Google Acquires Unisys Patents, Including a Java API Patent

Google appears to be continuing a trend that sees it acquiring intellectual property from some of the most well known names in the technology field (including Xerox, IBM, Hewlett Packard, and other acquisitions), by acquiring 36 granted patents from Unisys Corporation, in an assignment that was recorded at the United States Patent and Trademark Office (USPTO) on April 17th, and executed on February 29th, 2012.

The patent office doesn’t record information such as the financial terms of the transfer. Unisys will be reporting upon its first quarter 2012 financial results next Tuesday, April 24th, and maybe we’ll find out more then.

Google is presently in the fourth day of a patent infringement case initiated by Oracle, and both sides are supposedly having some problems explaining what an Application Programming Interface (API) is to the jury in the case. I have to confess that I would have some problems understanding some of the issues involved in the case as well.

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Google Acquires Glasses Patents

Last week, Google announced that they would be developing a pair of augmented reality glasses that would present informational displays to users based upon voice and motion commands, at their Google Plus Project Glass page. The announcement was accompanied by a video showing a mockup demo of how the glasses might work:

Google acquired three patents from former Indy 500 driver Dominic Dobson’s Motion Research Technologies, Inc., on March 30th, according to the USPTO’s patent assignment database. The assignment was recorded by the patent office as taking place on April 12th, 2012. The patents appear to have gone up for sale originally in March of 2011. A followup post on the Project Glass page responded to questions as to whether Google’s Glasses might work with prescription glasses. Interestingly, one of the patents acquired describes how it might work with eyeglasses as well:

A screenshot from patent 7,631,968 B1 showing a display device clipped on to a pair of glasses.

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How Google Might Index Link Behavior Information

Looking at Link Behavior Information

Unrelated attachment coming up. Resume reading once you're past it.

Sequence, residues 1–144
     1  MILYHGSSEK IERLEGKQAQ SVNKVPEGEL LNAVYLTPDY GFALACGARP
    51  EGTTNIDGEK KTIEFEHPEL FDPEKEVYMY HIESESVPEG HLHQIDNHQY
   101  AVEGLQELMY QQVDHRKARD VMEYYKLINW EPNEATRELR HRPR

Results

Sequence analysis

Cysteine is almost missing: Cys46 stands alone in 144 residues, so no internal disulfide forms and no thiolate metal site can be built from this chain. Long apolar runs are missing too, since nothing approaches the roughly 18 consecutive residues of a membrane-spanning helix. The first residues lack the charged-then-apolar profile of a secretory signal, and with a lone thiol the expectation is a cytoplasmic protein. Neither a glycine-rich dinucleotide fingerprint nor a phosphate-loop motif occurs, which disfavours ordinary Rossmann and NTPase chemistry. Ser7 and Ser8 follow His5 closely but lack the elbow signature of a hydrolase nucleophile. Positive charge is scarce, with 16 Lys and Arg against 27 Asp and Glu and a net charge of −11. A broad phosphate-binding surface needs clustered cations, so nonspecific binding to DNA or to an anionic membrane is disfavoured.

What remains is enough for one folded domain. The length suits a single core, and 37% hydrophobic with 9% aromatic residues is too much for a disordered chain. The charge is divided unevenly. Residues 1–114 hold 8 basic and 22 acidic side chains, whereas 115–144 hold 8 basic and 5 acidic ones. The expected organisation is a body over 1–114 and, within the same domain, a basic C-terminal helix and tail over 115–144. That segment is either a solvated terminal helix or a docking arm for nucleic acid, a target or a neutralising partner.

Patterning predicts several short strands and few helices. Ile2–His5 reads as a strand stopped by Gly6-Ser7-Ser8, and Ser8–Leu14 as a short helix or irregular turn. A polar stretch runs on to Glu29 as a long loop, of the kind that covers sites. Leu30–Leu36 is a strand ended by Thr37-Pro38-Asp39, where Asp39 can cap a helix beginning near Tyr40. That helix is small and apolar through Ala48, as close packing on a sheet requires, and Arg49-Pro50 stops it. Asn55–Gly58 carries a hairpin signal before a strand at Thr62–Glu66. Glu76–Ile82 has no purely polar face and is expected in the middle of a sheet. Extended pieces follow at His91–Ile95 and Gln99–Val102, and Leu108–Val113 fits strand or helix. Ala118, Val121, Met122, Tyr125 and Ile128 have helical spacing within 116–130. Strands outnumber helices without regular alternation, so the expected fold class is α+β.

Under a conventional approach to indexing links by a search engine, information about the targeted address that a link is pointed towards might be included in a search engine’s index, as well as the anchor text displayed within the links, and possibly even some text near the link itself. The Google Reasonable Surfer model points to the possibility of other information being collected about a link as well, which could be taken together as a whole to calculate how much value or weight might be passed along by the link to another page under a PageRank link analysis model or even in determining how much weight the anchor text used to point to a link might carry.

The question, Just How Smart are Search Engine Robots has been asked with more frequency lately, and a pending patent application published by Google shows how the search engine might be collecting a whole different type of link behavior information about links that are found on the Web. Given Google’s move towards building their own Chrome Browser and providing access to web pages via alternative screens such as those on smartphones and other handheld devices and television screens, it makes sense for the search engine to capture this kind of information as well. The image from the patent filing below shows sections of links, including target and onclick attributes that the search engine might now be indexing.

A screenshot from Google Maps showing an information box over the map that appears after clicking upon a link in the column to the left.

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Google’s Comment Patents and How Pages’ Web Rankings Might Be Influenced by Commentors’ Reputations

A rumor surfaced last week that Google would launch a third party commenting platform to rival Facebook’s. Coincidentally, Google was granted two patents this week describing comment systems, and how comments might be ranked under those systems. But the patents appear to describe comments on two different services from Google that have been discontinued. One of the patents appears to involve Google Sidewiki, which had more of a Web annotation service feel than that of a commenting system, and and the other involves comments on Google Knol.

Google Sidewiki and Google Knol and Commenting

Google Sidewiki enabled people to leave a comment on virtually any page on the Web, and could be accessed through the Google toolbar. A 1999 survey of Web annotation services showed that they have been around since the earliest days of the Web, and they differ from commenting systems in that they’ve been aimed at providing ways for people to leave private or public notes about web pages, sometimes but not necessarily with the participation of the authors of those pages. When Google announced that they were closing down Sidewiki last September, they told us that:

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